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No expectant mother wants to envision their labor ending with a c-section, but that’s your first lesson in motherhood: expect the unexpected. It is not uncommon to feel an array of negative emotions after having an unplanned c-section. Plan ahead of time for everything that could happen during labor so that whatever road your birth story travels, you will be as happy as possible.


Mentally prepare your husband for the possibility you might need to have a c-section. If you wait until the moment your doctor tells you it’s time for surgery the odds are not good your man will be ready for the change in plans. This is when you’re going to want to be emotionally collecting yourself and prepping for surgery, not answering endless questions. Read more about getting help after a C-section.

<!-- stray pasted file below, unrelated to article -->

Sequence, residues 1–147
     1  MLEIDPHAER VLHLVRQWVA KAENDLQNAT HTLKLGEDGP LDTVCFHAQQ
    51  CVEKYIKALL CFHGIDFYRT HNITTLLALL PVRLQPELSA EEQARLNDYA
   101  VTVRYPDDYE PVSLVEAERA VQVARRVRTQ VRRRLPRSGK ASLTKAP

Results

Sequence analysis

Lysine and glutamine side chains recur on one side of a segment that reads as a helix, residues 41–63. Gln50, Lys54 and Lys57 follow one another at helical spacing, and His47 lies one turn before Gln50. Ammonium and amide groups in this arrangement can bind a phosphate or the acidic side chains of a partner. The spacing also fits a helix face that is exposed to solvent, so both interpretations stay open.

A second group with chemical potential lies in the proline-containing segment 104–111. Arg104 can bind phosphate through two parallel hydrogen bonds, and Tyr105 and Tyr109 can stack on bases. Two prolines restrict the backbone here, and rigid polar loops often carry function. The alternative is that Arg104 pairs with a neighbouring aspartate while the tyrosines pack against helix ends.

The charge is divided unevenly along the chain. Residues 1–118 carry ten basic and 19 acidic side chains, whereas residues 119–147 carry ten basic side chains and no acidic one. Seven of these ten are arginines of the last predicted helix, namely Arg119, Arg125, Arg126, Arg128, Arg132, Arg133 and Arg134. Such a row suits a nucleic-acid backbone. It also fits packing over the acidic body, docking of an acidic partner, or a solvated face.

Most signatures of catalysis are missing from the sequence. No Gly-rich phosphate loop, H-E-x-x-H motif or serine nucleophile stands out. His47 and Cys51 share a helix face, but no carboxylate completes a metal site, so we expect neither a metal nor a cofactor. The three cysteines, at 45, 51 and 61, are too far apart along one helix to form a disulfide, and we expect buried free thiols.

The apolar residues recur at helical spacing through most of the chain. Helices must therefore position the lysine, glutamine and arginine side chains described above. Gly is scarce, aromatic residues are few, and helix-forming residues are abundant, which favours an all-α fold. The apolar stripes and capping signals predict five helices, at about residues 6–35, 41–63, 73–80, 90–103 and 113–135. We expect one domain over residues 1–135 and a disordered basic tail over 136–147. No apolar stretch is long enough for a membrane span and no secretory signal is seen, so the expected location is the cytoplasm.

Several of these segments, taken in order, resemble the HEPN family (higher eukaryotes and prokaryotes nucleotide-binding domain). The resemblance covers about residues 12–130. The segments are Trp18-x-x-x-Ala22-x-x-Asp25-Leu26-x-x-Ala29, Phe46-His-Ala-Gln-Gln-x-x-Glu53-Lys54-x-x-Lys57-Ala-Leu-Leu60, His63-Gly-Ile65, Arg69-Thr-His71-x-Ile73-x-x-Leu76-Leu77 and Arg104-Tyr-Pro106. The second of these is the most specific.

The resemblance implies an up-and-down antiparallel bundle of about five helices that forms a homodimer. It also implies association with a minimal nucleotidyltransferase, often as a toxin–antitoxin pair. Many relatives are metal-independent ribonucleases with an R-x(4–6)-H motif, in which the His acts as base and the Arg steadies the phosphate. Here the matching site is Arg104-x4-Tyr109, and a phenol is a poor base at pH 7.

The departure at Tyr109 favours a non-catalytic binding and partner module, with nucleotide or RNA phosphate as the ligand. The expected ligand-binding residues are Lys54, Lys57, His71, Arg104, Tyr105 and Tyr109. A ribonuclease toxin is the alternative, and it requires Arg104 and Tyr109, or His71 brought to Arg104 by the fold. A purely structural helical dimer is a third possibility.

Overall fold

Add a c-section clause to your birth plan. Talk your options out with your ob/gyn ahead of time and let them explain to you and your partner how things typically work during surgery. Ask details about whether or not your hospital is a teaching hospital. Many moms are aware there may be a student in the room during labor and that you can request for the student to not be there. However, it is easy to get caught off guard when you’re awake and you hear your doctor explain what’s going on behind that curtain to their intern.


When labor begins the nurses working with you will ask your post-birth plans. Do you want to have immediate skin-to-skin contact with baby? Do you plan on breastfeeding as soon as possible? Unfortunately, these options aren’t typically offered to women when transferring from a vaginal birth plan to a cesarean, but that doesn’t mean they are not possible. Ask! It is not unheard of to still bond with baby immediately after he comes into the world. Figure out your options and comfort level ahead of time to make a c-section as close to a normal birth experience as possible.

For more information, visit other posts in  our C-Section feature.